Those game day programs from 1971 were highlighting the growth and activity on each of Rutgers' campuses. But the program from a late November game had something that piqued our interest a bit more than usual.
Hmm, that Canfield drawing on the cover doesn't look like anything we've seen on campus. Because that hypothetical drawing was just an artist's idea of what could be built when Rutgers took the seed money - all $5 million - from the Higher Education Bond referendum and went to work to build its new athletic center near the stadium. By the way, $5M would be around $29 million today. Ya get what ya pay for!
The article in the program looked forward to getting down to the details of what would be included and where it would be located, though it seemed pretty clear from the story that it would be somewhere near the stadium, not on Livingston where the RAC is today.
Then-Governor William Cahill had actually allocated state money (be still my heart) for preliminary studies on building a first class facility for basketball. From the closing paragraphs of that story:
How big, how much, how fast? No answers yet, but for the first time, it can be stated positively - Rutgers is assured of a new indoor sports facility.
As Gov. Cahill told a television audience last January: "I suggested the absolute need for a new field house."
Then he added: "Any school as large as Rutgers and a State University playing the high type of basketball they are playing today really deserves a forum where their fans can see them. We ought to be considering something in the neighborhood of 10,000 or 12,000 capacity"
And not only a new arena, this would also include the National Football Foundation's college football hall of fame, which was supposed to be on the Rutgers campus as far back as 1950. Spoiler Alert: never happened. For years, though, there was a small store front that passed for the hall of fame on Church Street in New Brunswick.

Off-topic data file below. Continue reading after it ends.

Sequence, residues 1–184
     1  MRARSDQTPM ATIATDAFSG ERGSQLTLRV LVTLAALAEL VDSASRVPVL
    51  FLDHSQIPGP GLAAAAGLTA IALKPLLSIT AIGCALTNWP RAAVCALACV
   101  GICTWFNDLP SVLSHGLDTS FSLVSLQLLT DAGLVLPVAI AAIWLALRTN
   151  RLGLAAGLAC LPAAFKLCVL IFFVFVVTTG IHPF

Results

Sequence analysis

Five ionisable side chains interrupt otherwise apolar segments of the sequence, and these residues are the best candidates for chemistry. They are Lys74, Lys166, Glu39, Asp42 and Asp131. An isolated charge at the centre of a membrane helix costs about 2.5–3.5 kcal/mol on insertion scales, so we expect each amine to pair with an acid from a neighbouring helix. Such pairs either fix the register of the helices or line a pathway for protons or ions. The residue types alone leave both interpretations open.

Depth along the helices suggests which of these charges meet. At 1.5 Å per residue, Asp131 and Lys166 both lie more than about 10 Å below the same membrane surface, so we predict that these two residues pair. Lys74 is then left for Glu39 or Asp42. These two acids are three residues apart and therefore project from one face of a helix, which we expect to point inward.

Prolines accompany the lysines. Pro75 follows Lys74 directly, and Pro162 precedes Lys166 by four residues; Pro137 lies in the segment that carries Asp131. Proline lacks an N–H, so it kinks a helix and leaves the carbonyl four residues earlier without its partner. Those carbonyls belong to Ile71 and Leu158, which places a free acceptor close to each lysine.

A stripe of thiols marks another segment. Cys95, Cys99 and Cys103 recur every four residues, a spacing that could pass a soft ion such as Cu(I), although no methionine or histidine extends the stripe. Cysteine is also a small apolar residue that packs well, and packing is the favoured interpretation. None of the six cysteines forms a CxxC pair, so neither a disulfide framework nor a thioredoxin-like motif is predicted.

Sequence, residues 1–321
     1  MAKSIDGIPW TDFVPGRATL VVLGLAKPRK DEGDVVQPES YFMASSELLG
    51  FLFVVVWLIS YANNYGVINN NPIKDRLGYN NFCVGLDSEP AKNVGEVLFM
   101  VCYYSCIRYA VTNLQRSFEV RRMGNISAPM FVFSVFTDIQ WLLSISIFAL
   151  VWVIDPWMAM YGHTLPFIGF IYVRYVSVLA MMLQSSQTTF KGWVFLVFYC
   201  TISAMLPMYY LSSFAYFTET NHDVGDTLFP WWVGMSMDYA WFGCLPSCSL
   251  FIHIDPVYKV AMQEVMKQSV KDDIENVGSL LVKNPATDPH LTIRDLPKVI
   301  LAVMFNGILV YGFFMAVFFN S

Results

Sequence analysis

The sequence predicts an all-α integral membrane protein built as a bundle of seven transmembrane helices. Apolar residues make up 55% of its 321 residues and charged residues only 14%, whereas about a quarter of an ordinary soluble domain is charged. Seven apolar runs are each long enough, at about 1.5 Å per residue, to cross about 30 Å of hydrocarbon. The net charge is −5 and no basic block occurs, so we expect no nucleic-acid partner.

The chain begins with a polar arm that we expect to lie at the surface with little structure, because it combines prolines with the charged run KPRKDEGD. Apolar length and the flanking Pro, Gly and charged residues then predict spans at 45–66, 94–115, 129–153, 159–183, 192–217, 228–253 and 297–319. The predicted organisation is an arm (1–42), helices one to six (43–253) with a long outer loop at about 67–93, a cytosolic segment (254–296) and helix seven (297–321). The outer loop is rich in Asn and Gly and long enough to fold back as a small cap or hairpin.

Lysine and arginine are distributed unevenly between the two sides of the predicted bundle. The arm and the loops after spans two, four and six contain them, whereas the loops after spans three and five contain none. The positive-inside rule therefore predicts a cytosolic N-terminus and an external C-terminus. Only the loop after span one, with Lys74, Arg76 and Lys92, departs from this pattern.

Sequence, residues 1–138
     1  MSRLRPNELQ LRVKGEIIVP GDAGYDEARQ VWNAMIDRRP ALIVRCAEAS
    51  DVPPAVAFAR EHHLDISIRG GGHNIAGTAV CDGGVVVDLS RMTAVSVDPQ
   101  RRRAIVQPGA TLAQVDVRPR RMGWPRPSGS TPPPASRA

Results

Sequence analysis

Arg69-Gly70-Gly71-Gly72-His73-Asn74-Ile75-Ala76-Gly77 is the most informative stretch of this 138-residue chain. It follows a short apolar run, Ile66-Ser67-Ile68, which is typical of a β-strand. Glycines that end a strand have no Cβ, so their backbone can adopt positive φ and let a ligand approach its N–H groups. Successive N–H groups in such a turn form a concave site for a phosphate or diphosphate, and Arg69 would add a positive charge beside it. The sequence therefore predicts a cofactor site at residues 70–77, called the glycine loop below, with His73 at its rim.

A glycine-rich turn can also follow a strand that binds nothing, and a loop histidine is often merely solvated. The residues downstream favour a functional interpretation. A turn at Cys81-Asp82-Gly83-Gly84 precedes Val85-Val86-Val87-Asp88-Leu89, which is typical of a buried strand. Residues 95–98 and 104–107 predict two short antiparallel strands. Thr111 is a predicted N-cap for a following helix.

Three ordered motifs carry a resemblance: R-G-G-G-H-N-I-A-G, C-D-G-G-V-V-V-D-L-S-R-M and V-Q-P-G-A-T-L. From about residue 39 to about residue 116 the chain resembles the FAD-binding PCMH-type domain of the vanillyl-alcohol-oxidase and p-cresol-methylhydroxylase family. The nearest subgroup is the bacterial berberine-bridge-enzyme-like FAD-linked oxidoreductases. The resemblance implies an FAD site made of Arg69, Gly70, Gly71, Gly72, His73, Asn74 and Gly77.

Wow! 10,000 - 12,000 seats? By the stadium, no less. Well, this was 1971. And the RAC didn't finally open until 1977, a year after Fast Eddie and that team went to the Final Four. For those with limited math or chronological skills, we had a Final Four team that played its home games at the 2,800 seat Barn on College Avenue.
Not really sure what went wrong or what decisions were made that put the athletic center on Rockafeller Road in Piscataway instead of Sutphen Road. But changes certainly were made. But we had a governor in 1971 who supported the State University, and even supported its athletic program. Ahh, the good ol' days.
National Football Foundation's Hall of Fame
In case you're feeling awful that we never got the HOF here, consider that the National Football Foundation pulled up stakes in New Jersey and headed to the Big Apple when the state Attorney General started investigating it because it was collecting donations but hadn't started building a Hall of Fame. It left NYC after the New York attorney general did the same. The first HOF was finally opened in Ohio in 1978, adjacent to King's Island amusement park. It left there in 1992 with dwindling attendance. Then it opened in South Bend. Until attendance dwindled there. Its latest iteration is in Atlanta, where it opened its new facility last August.